The study proposes analyzing the complex links between the standardization and regulation of mobile phone markets from a political economy perspective. Moreover, this study examines these links by taking into consideration, from a Schumpeterian perspective, the market disequilibrium and the monopolistic phenomena associated with innovation. It aims firstly to underline, with respect to different network generations (0G to 4G), the particularity of this industry in terms of investment return, and the key role that network standardization plays in the structuring of the market. This key variable of the standard explains in large part the income that GSM represented in the industrial and financial dynamics of the sector. The study thus explores the relations between the normalization policies, which are certainly neither the sole issue of public actors nor are they simple industrial property regulations, and the regulation policies of the sector (allocation of licenses, trade regulations, etc.). It underlines that the last twenty-five years have made the configurations of expertise more and more complex, and have increased the interdependency between network entrepreneurs, normalizers, and regulators. From a perspective close to Fligstein’s, which emphasizes the different institutional dimensions of market structuring (trade policies, industrial property regulations, wage relations, financial institutions), this study focuses on the interdependent relations between diverse, heavily institutionalized spheres of activity.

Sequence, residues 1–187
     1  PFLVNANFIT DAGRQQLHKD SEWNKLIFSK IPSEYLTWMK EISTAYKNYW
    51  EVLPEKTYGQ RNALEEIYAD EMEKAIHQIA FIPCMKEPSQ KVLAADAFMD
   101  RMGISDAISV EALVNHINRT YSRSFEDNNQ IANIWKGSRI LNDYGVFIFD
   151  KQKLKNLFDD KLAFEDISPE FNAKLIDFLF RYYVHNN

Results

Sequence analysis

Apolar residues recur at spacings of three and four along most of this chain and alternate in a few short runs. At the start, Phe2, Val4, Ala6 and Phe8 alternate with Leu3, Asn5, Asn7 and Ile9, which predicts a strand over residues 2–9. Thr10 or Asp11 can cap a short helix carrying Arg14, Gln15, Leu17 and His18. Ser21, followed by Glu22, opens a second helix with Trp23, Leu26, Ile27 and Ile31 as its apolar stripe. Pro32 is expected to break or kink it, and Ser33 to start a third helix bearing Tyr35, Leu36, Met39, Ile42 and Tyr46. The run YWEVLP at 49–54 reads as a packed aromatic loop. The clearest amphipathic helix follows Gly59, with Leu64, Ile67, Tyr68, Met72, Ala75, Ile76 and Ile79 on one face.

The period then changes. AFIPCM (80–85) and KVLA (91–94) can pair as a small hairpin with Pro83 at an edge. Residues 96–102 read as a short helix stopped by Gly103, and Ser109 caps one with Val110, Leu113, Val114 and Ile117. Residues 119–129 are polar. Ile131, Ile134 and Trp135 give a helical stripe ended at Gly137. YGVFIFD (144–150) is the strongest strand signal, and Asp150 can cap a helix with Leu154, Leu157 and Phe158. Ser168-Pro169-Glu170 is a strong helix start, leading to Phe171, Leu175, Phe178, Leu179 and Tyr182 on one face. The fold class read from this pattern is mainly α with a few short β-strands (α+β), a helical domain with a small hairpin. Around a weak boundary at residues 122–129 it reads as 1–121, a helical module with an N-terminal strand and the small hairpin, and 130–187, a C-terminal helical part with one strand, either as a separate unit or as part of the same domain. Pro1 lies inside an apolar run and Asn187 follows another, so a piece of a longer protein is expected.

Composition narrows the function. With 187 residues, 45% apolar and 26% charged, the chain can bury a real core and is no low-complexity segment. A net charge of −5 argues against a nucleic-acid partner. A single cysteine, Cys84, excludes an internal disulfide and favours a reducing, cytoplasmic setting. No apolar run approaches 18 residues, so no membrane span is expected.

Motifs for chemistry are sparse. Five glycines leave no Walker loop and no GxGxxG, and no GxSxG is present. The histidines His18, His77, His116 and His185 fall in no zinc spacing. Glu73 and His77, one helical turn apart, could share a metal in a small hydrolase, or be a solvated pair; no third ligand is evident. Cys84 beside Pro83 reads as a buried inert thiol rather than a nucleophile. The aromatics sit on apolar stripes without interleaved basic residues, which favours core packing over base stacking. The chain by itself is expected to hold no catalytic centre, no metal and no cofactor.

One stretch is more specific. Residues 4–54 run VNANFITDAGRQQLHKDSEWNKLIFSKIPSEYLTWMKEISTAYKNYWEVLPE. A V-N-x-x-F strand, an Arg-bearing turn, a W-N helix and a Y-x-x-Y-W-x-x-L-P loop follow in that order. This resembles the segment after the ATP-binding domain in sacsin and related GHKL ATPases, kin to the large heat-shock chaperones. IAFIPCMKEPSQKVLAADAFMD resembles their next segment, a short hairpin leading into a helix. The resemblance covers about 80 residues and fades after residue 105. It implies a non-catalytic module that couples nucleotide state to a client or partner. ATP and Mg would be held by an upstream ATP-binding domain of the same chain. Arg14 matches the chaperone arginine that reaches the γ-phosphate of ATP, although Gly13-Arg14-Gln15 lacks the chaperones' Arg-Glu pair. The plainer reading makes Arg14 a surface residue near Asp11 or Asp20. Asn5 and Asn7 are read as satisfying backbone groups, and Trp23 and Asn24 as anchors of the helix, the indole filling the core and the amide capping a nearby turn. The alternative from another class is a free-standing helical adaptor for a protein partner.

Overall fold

Collective mobilizations, Identities, Middle East, Networks, Politics / Political Systems, Religions, Territory, Turkey, Les études du CERI
L'exigence croissante d'une justice sans frontières : le cas de la demande de restitution des biens juifs spoliés
Collective mobilizations, Law, Memory and politics of the past, Networks, NGOs / Civil society, Transnational actors, Les études du CERI
Cameroon, Central Africa, Crime, Economic transactions, Networks, NGOs / Civil society, Politics / Political Systems, Poverty, Les études du CERI
Diasporas, Identities, Iran, Material cultures, Migrations, Networks, NGOs / Civil society, North America, Religions, United States, Les études du CERI
Demography, Diasporas, Identities, Israel, Middle East, Migrations, Networks, NGOs / Civil society, Politics / Political Systems, Russia, Transnational, Les études du CERI
Collective mobilizations, Globalization, Identities, Iran, Migrations, Networks, Pakistan, Religions, Theory of International Relations, Transnational actors, United Kingdom, Les Cahiers du CERI
The concept of "world community" is nowadays very commonly employed by researchers dealing with the social aspects of globalization. At the same time, the words "islam" and "umma" -be they used by medias, politicians or scholars- have sometimes assumed the existence of such a community which is supposed to link all Muslims wherever they live. This kind of approach was strongly revived during the "Rushdie affair": the transnational dimension of the protest against the writer and the very content of ayatollah Khomeini's fatwa furthered it.The starting point of this paper is to take the "world community" postulate at its word. What are we talking about ? Who speaks about it ? Under what circumstances and from which places ? How the limits of this concept can be established, or rather how can it be constructed by the observer to become useful ? These questions are addressed by examining the early stage of the anti-Rushdie protest in its worldwide dimension. It is suggested that an analysis of the understandings and strategies of the mobilized groups, of their symbolic and concrete transnational interactions, as well as a comparison between the social and political national contexts, help to identify the "interpretive community" which was formed at this juncture.